Once upon a time ago, I thought being a perfectionist was a good thing. I remember a Home Economics teacher calling me a perfectionist back in grade 8. She said it in a derogatory way and for many, many years, I would wonder why she said it and how it could possibly be a negative trait. Fast forward 42 years and I finally discovered how debilitating perfectionism can be. (I’m 43 now, so this little tidbit only recently came to light)
I will always, always strive to do my very best at something and I fully expect to do it well. The problem is, when I can’t do it well, it causes all kinds of angst and self criticism. Even worse than that is, if I’m unsure of my ability to do something perfectly the first time, it’s unlikely I’ll do it all. I won’t even try, just in case I fail.
Does this sound familiar to you?
A couple of years ago I was accepted into the Queensland Police Academy to train as a recruit. I was beyond excited because I’d waited 18 months and worked hard to get in. I didn’t get a lot of notice before I had to start but I was organised and ready to go. I started at the academy in July 2016 and every single day was a struggle. It was a whole new environment for me as I hadn’t ever done anything like this before and yet I expected to grasp all of the protocols and procedures immediately. When I didn’t, I felt like a failure and, after just 3 weeks, I left the academy amid an enormous amount of tears. Two and a half years later, I’m still struggling with the disappointment that came with the situation. Looking back, I now realise if I hadn’t expected so much of myself and been the perfectionist that I am, I most likely would have gotten through the 7 months training at the academy and would now be a police officer. I always assume others expect a lot from me but, really, it’s the pressure I put on myself that causes the problems. The police academy is certainly not the first, or last, situation of a similar nature. It is simply the most regrettable.
So, what to do about this trait that holds me (and possibly you) back from tackling projects and fulfilling long held dreams?
Fight it head on!
Experts say that to combat perfectionism it is a good idea to gradually lower your standards. They suggest you slowly expose yourself to your fear of mistakes. That is, they recommend you actually intentionally make mistakes, in order to realise that the consequences of these mistakes are not as bad as you may think. It’s true. A typo in an email or Instagram caption is not the end of the world. Nor is wearing clothing with a stain on it. (Though by my usual reaction to these things you’d think that it was!) It sounds scary but when you think about it realistically, it really isn’t such a big deal.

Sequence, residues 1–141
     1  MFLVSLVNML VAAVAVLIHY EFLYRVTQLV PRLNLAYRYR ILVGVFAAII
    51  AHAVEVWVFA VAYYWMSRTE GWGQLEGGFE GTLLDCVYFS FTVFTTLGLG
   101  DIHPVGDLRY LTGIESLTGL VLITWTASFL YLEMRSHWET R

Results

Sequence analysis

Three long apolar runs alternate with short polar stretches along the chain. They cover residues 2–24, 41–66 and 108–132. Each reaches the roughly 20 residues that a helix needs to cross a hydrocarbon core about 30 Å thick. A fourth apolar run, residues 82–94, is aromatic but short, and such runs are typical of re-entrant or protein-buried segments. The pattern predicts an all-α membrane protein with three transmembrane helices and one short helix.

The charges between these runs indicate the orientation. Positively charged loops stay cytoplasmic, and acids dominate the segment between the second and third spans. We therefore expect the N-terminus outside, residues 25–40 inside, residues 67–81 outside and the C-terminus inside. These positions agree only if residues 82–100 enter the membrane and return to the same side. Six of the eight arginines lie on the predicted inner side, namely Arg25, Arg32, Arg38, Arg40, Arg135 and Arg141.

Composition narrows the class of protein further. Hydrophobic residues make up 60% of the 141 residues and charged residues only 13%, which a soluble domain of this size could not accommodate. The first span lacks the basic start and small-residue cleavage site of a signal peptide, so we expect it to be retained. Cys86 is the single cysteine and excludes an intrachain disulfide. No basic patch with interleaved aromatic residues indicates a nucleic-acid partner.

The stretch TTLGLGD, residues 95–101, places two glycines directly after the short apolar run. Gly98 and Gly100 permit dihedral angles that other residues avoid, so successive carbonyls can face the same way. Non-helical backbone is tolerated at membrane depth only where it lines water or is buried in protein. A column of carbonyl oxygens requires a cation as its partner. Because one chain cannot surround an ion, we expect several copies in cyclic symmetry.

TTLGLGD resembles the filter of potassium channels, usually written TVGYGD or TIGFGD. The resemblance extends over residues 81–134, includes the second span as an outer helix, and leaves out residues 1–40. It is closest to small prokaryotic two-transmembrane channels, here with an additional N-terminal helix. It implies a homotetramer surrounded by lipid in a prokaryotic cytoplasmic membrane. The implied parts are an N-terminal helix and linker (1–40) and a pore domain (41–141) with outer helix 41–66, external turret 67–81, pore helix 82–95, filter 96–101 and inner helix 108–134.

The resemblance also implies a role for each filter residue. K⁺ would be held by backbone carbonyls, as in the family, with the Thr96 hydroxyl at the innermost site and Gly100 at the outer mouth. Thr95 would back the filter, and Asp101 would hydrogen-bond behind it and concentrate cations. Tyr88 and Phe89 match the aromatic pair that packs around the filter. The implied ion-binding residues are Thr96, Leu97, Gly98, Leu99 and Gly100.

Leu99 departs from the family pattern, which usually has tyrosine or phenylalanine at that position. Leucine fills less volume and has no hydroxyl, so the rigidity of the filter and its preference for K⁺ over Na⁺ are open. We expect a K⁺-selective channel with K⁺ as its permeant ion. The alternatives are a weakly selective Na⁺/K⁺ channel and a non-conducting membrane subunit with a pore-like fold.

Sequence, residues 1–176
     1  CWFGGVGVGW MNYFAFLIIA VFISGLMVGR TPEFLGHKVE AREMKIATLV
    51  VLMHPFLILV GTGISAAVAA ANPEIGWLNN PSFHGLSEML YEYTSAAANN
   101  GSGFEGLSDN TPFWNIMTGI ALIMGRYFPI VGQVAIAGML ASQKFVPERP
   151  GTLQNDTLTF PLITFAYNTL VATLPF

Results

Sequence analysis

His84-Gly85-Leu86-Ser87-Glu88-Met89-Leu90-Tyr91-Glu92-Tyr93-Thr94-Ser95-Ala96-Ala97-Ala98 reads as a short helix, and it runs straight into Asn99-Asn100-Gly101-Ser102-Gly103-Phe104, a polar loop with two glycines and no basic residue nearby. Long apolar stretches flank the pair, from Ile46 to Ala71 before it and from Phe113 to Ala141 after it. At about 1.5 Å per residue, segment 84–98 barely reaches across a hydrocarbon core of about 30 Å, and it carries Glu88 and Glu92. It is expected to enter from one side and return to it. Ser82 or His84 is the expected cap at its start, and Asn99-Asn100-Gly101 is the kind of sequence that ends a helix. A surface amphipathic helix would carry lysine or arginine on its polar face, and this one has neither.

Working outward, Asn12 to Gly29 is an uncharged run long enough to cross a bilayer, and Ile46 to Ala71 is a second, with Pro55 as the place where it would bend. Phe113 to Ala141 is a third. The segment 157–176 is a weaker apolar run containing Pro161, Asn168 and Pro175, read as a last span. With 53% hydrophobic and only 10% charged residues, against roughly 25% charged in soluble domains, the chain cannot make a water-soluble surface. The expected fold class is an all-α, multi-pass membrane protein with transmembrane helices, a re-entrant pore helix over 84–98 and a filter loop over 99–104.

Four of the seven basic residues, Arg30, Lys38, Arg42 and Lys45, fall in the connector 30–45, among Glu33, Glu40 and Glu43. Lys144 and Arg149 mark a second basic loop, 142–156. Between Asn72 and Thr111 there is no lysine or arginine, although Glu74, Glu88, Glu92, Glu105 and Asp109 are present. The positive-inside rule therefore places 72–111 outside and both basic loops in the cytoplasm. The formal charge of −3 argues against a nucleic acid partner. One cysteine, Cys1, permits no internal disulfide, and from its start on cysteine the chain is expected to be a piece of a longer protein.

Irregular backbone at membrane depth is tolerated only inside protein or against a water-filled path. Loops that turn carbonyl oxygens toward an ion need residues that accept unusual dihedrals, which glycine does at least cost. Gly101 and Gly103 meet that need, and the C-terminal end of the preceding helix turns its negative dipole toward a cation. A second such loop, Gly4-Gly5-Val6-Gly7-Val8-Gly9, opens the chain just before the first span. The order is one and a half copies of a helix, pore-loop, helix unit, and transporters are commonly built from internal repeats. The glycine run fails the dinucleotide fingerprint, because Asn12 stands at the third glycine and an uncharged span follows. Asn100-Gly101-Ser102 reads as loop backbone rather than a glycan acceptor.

Take these photos for example- My beautiful 80 year old neighbour saw these pictures and told me, albeit very kindly, that she found them unflattering. I was a little offended and considered not posting them but I really like the outfit and have happily worn it a few times. To post photos that I know are not the best of me is daunting but I decided it is at least a step forward in lowering my standards. It may be a little step but at least it’s something.
Experts also suggest dealing with severe procrastination that can come from perfectionism. Sometimes perfectionists like me regularly put off tasks that we think are going to be too hard or take too long to get 100% right. To combat this, they say we need to create realistic schedules and set goals. We need to break big tasks into small tasks, give ourselves a time limit for each task and then set the goal to simply finish the task, not to finish it perfectly.
Another tip is to say positive, rational statements such as “Everyone makes mistakes”, “No one is perfect” and “It’s okay if some people don’t like me. No one is liked by everyone”. These are all very true statements, so it makes sense to say them, even if just in your head.
Finally, experts recommend rewarding yourself when you are facing your fears and making a positive change. (This is the bit I like the most) Dinner with friends, reading a good book, a massage or buying something special you’ve had your eye on for a while is a nice treat for working hard at changing your ways.
So, from now on, I’ll no longer be held back by my fear of not being good enough, my fear of being a failure. I’m going to pursue my dreams, knowing I will make mistakes, knowing things won’t always go to plan and knowing I’ll be less than perfect. And you know what? I’ll be okay with that. Because then I’m going to treat myself to a nice little holiday in Hawaii as a reward 🙂
Have a great weekend.
- Kmart skirt $20 (It’s an old one but there are similar pleated skirts available from stores such as Valleygirl and online through Shein and ASOS)
- Valleygirl bodysuit $10
- Big W thongs $7 (on sale)
- Sportsgirl earrings $20
- TK Maxx bag $25 (set of 2)